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Seasonal affective disorder isn’t just for winter

When researchers surveyed about 1,300 Old Order Amish, they found that the small group of people who felt the worst in summer also tended to report that high pollen days made their mood worse. Previous work with college students has also suggested a link between summer moodiness and pollen sensitivity.

Although more research is needed to understand how pollen might be linked to summer SAD, Dr Postolache said: ‘When you’re feeling your worst, it relates very well to day length in winter’ and “to heat and pollen for summer difficulties”.

A difficulty in detecting SAD is its transient nature. Once autumn came, Ms Ashly said: ‘you forget everything.’ Even without seasonal affective disorder, other stresses can trigger depression during the summer, such as being detached from the school structure.

Tonya Ladipo, a licensed clinical social worker and founder of the Ladipo Group in Philadelphia, suggested keeping a mood diary to track your moods and look for patterns. This helped Mrs. Ashly and her therapist recognize her summer SAD cycle. If a bad mood doesn’t improve within about two weeks, Ms Ladipo recommended seeing a mental health professional – and getting help right away if you’re thinking about harming yourself.

If heat dulls your mood, Dr. Rosenthal said some of his patients have found that frequent cold showers or baths can help. others have felt some relief walking early in the morning. Sometimes intense summer light, as well as heat and humidity, can be problematic. decreasing exposure with dark glasses or curtains may also be worth trying.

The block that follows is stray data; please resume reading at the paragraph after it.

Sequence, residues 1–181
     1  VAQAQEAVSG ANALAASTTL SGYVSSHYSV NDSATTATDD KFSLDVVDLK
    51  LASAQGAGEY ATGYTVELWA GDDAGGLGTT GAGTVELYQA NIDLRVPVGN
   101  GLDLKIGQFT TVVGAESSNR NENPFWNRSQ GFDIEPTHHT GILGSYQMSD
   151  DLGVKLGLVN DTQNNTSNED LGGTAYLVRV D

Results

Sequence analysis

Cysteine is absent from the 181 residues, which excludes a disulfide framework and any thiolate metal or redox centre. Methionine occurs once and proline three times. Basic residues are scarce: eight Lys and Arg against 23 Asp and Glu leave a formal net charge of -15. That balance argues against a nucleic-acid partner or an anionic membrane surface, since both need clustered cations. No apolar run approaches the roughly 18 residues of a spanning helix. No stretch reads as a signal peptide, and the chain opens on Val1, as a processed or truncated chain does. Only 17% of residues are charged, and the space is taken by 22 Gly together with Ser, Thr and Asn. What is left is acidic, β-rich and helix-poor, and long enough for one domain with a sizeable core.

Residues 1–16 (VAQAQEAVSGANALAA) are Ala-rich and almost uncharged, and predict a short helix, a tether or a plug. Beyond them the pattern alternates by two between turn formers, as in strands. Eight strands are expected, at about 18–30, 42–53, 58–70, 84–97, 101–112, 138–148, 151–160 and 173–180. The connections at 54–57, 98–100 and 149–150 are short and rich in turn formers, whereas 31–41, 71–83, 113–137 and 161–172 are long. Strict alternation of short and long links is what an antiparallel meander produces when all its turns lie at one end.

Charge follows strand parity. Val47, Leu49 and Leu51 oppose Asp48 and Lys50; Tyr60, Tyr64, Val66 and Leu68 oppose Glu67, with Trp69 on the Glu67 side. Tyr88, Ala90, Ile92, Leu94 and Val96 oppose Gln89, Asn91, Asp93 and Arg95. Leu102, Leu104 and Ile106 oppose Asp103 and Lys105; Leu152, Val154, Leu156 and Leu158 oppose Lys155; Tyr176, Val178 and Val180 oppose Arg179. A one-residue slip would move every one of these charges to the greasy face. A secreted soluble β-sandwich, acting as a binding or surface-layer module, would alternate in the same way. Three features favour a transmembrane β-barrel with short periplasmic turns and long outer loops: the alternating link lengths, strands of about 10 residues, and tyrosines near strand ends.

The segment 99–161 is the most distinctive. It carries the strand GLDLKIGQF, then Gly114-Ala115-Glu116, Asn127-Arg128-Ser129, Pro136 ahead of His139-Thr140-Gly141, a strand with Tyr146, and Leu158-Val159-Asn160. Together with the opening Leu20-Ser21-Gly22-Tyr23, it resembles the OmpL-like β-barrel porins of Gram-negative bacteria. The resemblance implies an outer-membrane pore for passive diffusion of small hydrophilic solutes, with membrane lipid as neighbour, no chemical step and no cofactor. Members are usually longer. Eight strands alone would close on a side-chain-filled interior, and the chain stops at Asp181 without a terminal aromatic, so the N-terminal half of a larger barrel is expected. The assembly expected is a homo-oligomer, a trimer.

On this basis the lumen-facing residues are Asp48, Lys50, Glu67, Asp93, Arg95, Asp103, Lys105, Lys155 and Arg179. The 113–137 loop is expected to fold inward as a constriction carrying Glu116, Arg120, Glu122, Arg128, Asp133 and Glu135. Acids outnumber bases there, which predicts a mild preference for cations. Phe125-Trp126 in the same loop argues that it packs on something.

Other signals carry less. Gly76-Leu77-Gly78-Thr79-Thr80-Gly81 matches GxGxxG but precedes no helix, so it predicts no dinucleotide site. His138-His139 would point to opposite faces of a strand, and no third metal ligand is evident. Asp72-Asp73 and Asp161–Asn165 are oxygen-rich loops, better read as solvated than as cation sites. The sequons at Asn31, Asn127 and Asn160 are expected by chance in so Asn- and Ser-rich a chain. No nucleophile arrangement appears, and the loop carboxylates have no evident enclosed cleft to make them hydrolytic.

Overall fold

“If those things help, then do them,” Dr. Rosenthal said.

Ms Ashly said she keeps a small misting fan by her desk, takes cold showers and runs her wrists under cold water to help cool her down. On particularly difficult days, she goes to her parents’ house and works in the basement, she said.

For winter SAD, researchers have found that cognitive behavioral therapy, a form of talk therapy, can help. A clinical trial with 177 adults compared it to light therapy, a well-known SAD treatment, and found that both significantly improved the way people felt. Dr. Rohan plans to develop a similar therapy for the summer form of the disease. She recommended reaching out to a professional to figure out if what you’re experiencing is related to the season or some other source — and, most importantly, to find ways to help you feel better.


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